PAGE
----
There is not a whole lot of eating or drinking establishments near the stadium, something for which Chicago Fire fans are all too familiar, so we stopped for a good ol’ American style cheeseburger and fries. Again, the freedom of the three day metro pass cannot be mentioned enough.
The subway has two stops in the Parc Olympique de Montréal area which are both a short walk to the stadium. Section 8 had arranged our ticket purchase with the box office and we picked them up at will call upon arrival. We entered the south entrance so we could walk around the stadium and get a good feel for the place. After buying two Budweisers from the French speaking woman near the entrance, we started walking through the sea of blue and black (it felt very strange that Budweiser was one of the only beer options available at the stadium and is, perhaps, more a reflection of the American based league rather than the Canadian club). If you are waiting for a Green Street Hooligans style story here, you will be disappointed. We got a lot of looks in our 2006 Fire jerseys, but nobody gave us a hard time.
When watching on television, the stadium looks wonderfully decorated and has an atmosphere Chicago fans envy. I can tell you the envy should stop there. The venue is more like a stadium you would find on a smaller college campus for American football than one a professional soccer team calls home. One section of the stadium is a permanent structure for the premium seats and suites, but the other three sections are bleachers. Honestly, other than being in the city limits and having a train stop, it has nothing on Toyota Park.
We sat at the top of the north end of the stadium with another half dozen or so Fire fans and we did everything we could to make our voices heard every time the ball hit the back of the net. The first goal caused several hundred fans in front of us to turn around in puzzlement as they hadn’t realized we were camped out above them. It was a brilliant evening to be a Chicago Fire fan and one I’ll never forget.
The next morning we got breakfast at Beautys Luncheonette, a retro diner that dates back to its 1942 opening. Hymie, the original owner who is now in his mid-nineties, greets you at the door with a direct question, “How many?” He then returns to his post near the door to wait for a table to clear out. We ate at the counter and wouldn’t have it any other way. Afterwards, we took a hike up Mount Royal to see the city from above and work off some of the smoked meats we were digesting. We nearly got caught at the top in a rain storm and decided to head back downtown and leave for the airport a little early in case the impending storms caused trouble with our travel plans. Our arrival back to Chicago was slightly delayed, but nothing could spoil the fun we had over those three days in Montreal.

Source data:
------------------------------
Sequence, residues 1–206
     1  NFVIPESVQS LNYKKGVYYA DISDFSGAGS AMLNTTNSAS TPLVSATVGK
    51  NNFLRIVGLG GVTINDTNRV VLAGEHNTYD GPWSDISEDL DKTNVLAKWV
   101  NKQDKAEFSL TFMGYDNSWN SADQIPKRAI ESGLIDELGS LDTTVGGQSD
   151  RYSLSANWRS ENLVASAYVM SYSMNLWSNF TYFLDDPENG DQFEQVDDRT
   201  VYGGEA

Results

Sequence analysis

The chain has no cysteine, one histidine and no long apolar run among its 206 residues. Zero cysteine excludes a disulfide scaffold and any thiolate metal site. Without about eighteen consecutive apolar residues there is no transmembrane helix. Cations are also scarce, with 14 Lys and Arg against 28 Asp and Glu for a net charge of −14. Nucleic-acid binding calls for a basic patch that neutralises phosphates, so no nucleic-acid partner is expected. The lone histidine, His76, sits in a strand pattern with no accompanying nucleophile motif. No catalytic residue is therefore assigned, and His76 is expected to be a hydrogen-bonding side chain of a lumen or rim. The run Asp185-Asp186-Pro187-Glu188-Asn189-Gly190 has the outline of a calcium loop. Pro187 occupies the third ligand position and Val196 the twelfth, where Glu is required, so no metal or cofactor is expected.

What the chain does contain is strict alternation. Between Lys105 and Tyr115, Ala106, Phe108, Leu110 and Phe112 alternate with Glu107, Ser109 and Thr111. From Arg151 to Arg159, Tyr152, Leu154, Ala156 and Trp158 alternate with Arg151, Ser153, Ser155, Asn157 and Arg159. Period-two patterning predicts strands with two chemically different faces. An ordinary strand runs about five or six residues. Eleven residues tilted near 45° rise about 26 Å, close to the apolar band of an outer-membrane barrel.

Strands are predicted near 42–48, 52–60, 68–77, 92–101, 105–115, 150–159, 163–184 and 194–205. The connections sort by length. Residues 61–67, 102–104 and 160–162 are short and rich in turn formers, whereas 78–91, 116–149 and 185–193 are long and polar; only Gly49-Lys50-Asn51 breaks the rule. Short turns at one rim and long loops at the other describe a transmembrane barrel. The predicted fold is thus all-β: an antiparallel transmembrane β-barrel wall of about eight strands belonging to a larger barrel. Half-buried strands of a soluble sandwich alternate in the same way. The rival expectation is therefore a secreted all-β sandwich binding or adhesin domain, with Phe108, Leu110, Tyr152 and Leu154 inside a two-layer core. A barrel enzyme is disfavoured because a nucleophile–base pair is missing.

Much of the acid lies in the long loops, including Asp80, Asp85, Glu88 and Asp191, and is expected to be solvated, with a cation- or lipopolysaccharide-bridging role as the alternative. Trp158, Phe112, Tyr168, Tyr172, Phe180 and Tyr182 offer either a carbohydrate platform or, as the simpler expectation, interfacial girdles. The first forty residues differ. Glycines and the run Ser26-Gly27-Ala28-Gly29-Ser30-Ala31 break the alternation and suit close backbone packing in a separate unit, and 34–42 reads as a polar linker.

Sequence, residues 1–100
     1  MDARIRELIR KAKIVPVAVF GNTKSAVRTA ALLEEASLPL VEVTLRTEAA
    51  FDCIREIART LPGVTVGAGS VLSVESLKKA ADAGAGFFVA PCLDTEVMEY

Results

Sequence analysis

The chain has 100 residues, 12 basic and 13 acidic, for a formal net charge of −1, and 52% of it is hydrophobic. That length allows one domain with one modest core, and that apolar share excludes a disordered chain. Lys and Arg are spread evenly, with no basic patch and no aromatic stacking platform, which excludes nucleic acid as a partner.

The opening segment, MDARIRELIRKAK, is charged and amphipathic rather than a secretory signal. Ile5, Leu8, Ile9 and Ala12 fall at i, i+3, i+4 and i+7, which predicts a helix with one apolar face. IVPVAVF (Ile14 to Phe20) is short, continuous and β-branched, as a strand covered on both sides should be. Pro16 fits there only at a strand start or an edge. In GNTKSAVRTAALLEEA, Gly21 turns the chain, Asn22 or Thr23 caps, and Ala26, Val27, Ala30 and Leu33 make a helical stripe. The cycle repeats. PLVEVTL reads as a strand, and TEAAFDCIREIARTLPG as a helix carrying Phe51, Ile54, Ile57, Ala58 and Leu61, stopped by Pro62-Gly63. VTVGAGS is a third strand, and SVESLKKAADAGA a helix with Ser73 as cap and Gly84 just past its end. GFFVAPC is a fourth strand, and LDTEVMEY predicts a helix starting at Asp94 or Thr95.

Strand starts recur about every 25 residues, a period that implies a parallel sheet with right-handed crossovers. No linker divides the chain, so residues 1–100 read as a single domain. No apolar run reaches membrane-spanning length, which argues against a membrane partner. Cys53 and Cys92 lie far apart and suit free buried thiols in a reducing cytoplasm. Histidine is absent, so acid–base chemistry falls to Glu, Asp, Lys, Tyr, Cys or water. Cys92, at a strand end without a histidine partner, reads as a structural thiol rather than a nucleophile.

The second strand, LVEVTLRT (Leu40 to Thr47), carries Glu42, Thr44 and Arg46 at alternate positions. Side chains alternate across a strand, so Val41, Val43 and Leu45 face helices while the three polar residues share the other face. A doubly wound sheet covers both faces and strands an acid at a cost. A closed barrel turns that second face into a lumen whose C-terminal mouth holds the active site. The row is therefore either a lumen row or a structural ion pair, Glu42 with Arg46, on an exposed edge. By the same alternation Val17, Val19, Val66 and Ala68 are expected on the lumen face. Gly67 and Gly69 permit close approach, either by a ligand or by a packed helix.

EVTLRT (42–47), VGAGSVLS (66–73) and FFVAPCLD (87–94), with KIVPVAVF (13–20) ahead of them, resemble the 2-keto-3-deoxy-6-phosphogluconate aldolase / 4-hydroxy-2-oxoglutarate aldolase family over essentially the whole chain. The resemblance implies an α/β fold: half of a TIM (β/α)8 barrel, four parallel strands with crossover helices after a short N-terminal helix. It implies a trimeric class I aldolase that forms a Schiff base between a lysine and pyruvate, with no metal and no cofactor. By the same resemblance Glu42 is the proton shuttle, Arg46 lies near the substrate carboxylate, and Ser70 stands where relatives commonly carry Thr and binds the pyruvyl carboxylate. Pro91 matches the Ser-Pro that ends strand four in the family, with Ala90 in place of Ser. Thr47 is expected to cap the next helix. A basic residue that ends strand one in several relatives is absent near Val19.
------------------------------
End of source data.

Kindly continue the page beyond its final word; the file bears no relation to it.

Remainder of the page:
That concludes story time and now it is time for a call to action.
First and foremost, make sure to call up the Chicago Fire ticket office to get your 2017 season tickets. I’d say I am an innately trusting person and I think Nelson Rodriguez and Veljko Paunović have the team on the right track. The 2017 season is sure to be a better than any of the past few (I know, you have thought that before) and you will want to get to as many games as possible.
The front office is not telling half truths when they say it is the best value in professional sports and we, as a fanbase, need to start filling up the stands week in and week out to show our support. Bring a friend, or your Mom, or a coworker, or your boss out to a game next season (I have done all of those). No matter what you think about certain parts of the club, the players go out every week and leave it all on the field.
If you think it has been hard to get the motivation to drive to Bridgeview to watch a game, imagine what players feel day in and day out. They put in the effort to improve the results and become a force in the league once again and they deserve to have our support during their most trying times. The players must be disheartened every single time they finish a game and walk around the field seeing the seats half full.
I had the pleasure to meet Patrick Nyarko last November after a game and he was defeated. The club to which he gave his all had failed him. We, the fans, had failed him. The most consistently dangerous player on the team for the better part of 8 years asked to leave the club just a month later. I cannot blame him for his decision because he never got the chance to win and he had to play most of his career in front of a declining fanbase that protested the state of the club by staying home. We have to do better and we have to make sure each and every player wearing the badge knows they are the most important people employed by the Chicago Fire Soccer Club.
Secondly, call up a friend or family member and make plans to take a trip to an away match next season. Sure, it is easy to spend more money on one weekend trip than it would cost to buy a pair of season tickets to for the 2017 season, but the experience can bring you back from the brink of giving up hope on the club. Just add the cost into your season ticket allowance and consider it part of the package.
Visiting an opposing stadium allows a small group of opposition fans to feel close to the club and give each and every person in attendance a feeling of exclusivity. In case you forgot, the win that my brother and I witnessed in Montreal was the first road win for the Chicago Fire in over two years. We were there to witness history. A total of 10 Chicago Fire fans made the trip to French Canada to watch a frustrating and often hopeless team thoroughly outplay a more talented team on the road. For all the pain and heartbreak Fire fans have endured over the past 7 or 8 years, it all washed away for one night. We walked away from Stade Saputo proudly wearing our red and white and we were the champions...at least for that one August night in Montreal.